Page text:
The above picture shows the real part of the growth rate $\lambda$ vs. the Floquet parameter $\mu$ for increasing truncation of the Floquet/Fourier/Hill matrix.

After a lengthy discussion with Richard Kollar, we have agreed that there seem to be two separate issues here.  The first is that one must be careful when restricting the Floquet Multiplier $\mu \in \left[0,\frac{1}{2}\right]$ in conjunction with the size of the truncated matrix for the Fourier/Floquet/Hill method.  The second is that there is still some other type of instability that may be present (the “moving” instability).

## Convergence, Truncation, and Krein Signatures

This seems obvious.  In the above scenario (for simplicity, the vorticity is $\gamma = 3$ and $\vert \eta\vert_\infty = 0.04$), examining Krein signatures for the trivial solutions indicates that we may detect instabilities at the following parameter values where $(k_1,k_2)$ correspond to the $k$ values for $\lambda^+$ and $\lambda^-$

While the above table is only valid for non-zero amplitude solutions, we consider a relatively small amplitude solutions that is fully resolved by 7 Fourier modes up to machine precision.  That is,

$\eta(x) = \displaystyle\sum_{n = -7}^{n=7} \hat{\eta}_n\,e^{inx} + \mathcal{O}\left(10^{-14}\right)$

So, if we even expect to see an instability arising from the collision from $(1,-1)$ for the Floquet parameters restricted to the interval $\mu \in \left[-\frac{1}{2},\frac{1}{2}\right)$ then we must make sure to include 11 modes in the truncation of our Fourier/Floquet/Hill method (making it equivalent to 12-wave mixing – did I get that count right Olga?).  Thus, when considering instabilities for extremely large values of vorticity, the number of modes required for convergence will increase dramatically.  See the image in Constant Vorticity (Update) for additional details.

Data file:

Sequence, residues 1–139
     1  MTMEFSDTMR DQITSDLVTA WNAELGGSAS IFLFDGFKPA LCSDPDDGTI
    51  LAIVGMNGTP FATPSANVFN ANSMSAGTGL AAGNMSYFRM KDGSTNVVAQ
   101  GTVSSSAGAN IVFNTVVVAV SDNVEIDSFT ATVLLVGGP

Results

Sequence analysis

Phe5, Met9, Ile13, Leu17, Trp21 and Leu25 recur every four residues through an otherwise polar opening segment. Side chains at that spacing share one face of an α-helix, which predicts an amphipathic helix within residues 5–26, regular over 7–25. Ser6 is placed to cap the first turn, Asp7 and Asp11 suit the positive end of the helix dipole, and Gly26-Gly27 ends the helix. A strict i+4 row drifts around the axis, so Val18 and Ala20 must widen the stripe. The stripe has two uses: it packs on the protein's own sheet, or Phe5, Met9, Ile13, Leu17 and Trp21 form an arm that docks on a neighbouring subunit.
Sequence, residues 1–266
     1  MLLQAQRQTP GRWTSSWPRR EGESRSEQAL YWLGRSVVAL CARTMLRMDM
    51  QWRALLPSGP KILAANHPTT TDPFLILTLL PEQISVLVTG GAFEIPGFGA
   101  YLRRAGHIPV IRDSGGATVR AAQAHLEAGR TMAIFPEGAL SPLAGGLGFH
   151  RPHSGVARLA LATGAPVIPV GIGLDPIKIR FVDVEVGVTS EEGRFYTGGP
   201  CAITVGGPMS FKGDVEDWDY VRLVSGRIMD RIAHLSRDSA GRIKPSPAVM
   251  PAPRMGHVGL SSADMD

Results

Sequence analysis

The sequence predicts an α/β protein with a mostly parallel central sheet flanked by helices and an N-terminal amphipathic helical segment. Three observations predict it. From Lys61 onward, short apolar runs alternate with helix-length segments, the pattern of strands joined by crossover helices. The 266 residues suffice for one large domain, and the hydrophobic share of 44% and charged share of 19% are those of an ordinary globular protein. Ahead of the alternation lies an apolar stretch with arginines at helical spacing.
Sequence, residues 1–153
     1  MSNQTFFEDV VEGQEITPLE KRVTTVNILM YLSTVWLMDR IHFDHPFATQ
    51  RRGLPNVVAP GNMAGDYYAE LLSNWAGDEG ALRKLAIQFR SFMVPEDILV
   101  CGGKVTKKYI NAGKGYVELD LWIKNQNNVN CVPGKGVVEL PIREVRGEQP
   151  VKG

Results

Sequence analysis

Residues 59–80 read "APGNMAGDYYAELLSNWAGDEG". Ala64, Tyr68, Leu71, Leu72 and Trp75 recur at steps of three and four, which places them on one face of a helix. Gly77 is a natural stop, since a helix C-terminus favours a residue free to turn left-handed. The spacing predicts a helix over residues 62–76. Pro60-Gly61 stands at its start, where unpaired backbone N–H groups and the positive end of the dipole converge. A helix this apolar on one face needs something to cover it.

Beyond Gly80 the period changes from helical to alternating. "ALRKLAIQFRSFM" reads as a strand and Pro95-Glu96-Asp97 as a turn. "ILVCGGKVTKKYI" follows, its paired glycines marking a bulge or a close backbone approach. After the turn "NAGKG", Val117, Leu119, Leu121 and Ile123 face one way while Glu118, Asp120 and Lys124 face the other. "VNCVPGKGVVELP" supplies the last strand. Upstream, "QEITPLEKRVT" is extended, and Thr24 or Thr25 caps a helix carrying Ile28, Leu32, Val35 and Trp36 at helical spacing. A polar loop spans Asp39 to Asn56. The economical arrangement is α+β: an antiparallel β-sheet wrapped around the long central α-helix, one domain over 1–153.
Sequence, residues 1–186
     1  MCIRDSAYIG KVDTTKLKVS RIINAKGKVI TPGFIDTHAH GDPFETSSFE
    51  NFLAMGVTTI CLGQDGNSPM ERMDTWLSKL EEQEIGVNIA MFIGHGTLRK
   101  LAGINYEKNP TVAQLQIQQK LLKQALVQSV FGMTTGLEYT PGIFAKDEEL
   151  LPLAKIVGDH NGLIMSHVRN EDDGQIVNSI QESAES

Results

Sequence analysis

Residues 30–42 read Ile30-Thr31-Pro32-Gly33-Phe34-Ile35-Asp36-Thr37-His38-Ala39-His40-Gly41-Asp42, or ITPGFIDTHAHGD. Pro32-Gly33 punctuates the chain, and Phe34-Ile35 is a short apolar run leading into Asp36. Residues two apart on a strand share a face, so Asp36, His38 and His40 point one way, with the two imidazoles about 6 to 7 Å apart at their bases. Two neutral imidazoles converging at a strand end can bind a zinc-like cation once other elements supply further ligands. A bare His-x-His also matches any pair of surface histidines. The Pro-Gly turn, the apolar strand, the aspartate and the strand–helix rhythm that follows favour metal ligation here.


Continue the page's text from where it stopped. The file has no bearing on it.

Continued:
Of course, there are other lessons that have been learned along the way, as well as other questions.

### Does the method you use to calculate the linearization matter?

This question relates to use of the FFT vs. directly calculating the integrals.  I’ve tried  both methods.  Despite the fact that the integral computations run significantly slower, the two methods provide the same results! Poctures comparing are shown below.  However, it is worth noting the following…  The banded structure of the matrices could be playing a role in this behavior (spoiler: it’s not).

### Why do you only see this phenomena for large positive vorticity?

Perhaps the easiest way to explain this is that it is due to the fact that you need a significant number of wave mixing in order to see the instability.  But why is the instability significantly stronger despite the solutions being more “linear”? And how does the instability grow as a function of either the vorticity, or the normal derivative of the pressure along the interface (if there even is some sort of relationship between the two).

### Are there differences in the eigenfunctions?

Notices that there is a “traveling instability” that leads the introduction of each new instability.  This instability doesn’t appear in the appropriate location and moves as the truncation size is increased.  This movement happens in a consistent manner.

### What about that damn pressure bubble?

Yeh, what about it?  I’ll get there (hint: right now, it’s a complete mess!)

## 2 thoughts on “Constant Vorticity – The Saga Continues…”

1. Vishal says:

What precisely is wave mixing in this context?

1. I’m still trying to precisely figure out what I mean by that. It’s not the “typical” definition, so perhaps I should find better terminology to describe what I mean. Will think about that after my talk 🙂